Nigerian law guarantees investors the unconditional transferability of proceeds of their investments in Nigeria in convertible currency, provided that inflow and repatriation are effected through Central Bank of Nigeria (CBN) authorised dealers - subject to meeting appropriate documentation requirements. There were, however, challenges with sourcing foreign exchange (FX) to make such repatriations in the recent past which has now eased. That arose from, and were exacerbated by, the country’s main dependence on FX earnings from crude oil.
Since June 2016, when the CBN published new guidelines governing the operation of the Nigerian interbank FX market (FX market), certain steps have been taken by the CBN – such as the establishment of special windows for sale of FX for invisibles (school fees, medical fees, travel allowance etc), importation of items by SMEs, etc and regular supply of FX by the CBN to these windows – that have helped to increase the availability of FX.
To further liberalise the FX market, the CBN in April 2017 introduce a special investors’ and exporters’ FX window (window) in the FX market. Operations in the window commenced on 24th April. According to the CBN, the window was established to boost liquidity in the FX market and ensure timely execution and settlement for eligible transactions. This further liberalisation of the FX market means that investors can convert capital brought into Nigeria for investment into Naira at a market-determined exchange rate, since rates are no longer fixed by the CBN, as was the case in the past. Rather, rates for FX transactions by participants in the window will be as agreed between counterparties - i.e. on a willing buyer and willing seller basis - as the CBN has neither set a band nor pegged a rate for transactions in the window. Parties are permitted to access the window to obtain FX for invisible eligible transactions such as loan repayments and interest payments, dividends/income remittances, capital repatriation, various fees (technical, management, consultancy etc), expatriates home remittances etc. Bills for collection transactions and any other trade-related payment obligations (at the instance of a customer) are also permitted.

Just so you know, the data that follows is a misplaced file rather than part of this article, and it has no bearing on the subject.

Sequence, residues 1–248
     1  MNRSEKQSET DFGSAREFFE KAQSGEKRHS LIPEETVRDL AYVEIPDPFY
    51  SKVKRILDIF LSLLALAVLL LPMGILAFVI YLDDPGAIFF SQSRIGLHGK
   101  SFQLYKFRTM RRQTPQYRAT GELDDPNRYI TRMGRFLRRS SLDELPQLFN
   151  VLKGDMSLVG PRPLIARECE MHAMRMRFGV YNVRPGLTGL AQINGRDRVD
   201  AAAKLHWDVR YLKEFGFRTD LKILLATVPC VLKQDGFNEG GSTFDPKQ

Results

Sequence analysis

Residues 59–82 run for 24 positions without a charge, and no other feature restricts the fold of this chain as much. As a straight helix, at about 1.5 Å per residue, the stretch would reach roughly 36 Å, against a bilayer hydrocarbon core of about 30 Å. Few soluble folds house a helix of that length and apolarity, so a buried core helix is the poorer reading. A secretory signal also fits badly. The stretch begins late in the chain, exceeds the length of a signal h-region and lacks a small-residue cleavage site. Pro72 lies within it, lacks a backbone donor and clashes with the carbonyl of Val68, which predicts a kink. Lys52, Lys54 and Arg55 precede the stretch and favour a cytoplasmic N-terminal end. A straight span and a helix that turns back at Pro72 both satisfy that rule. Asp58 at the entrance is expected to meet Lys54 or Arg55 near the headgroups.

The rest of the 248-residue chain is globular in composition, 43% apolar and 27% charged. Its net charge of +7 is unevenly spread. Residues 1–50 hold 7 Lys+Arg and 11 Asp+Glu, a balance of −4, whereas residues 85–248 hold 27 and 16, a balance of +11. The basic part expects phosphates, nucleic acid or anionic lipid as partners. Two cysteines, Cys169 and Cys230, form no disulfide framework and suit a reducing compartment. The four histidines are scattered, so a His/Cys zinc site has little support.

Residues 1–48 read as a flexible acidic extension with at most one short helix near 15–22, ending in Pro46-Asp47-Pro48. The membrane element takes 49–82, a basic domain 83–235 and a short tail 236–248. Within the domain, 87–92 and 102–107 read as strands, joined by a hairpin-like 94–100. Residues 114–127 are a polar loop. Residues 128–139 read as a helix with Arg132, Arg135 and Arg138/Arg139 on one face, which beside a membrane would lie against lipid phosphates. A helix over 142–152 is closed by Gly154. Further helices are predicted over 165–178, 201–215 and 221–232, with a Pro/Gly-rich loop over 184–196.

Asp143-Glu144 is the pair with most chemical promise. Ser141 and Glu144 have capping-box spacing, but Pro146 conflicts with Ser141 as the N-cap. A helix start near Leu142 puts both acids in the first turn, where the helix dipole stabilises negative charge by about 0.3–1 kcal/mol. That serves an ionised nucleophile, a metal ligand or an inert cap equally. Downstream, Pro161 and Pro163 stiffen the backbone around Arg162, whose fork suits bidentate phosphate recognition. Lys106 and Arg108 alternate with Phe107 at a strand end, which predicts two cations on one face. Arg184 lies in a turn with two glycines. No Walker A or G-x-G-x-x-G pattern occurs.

Since the commencement of trading in the window, there appears to be sufficient liquidity as supply of FX is by portfolio investors, exporters, banks and other parties with foreign currency to exchange to Naira. The CBN will also participate in the window from time to time to promote liquidity and professional market conduct. Portfolio investors that have been unwilling to make investments in Nigeria may now do so and convert their capital at a near spot market determined rate. What does this mean for investors in Nigeria?
The most significant effect of the window is that rates for FX transactions in the window will be as agreed between authorised dealers and their counterparties - i.e. on a willing buyer and willing seller basis. The CBN has neither set a band nor pegged a rate for transactions in the Window.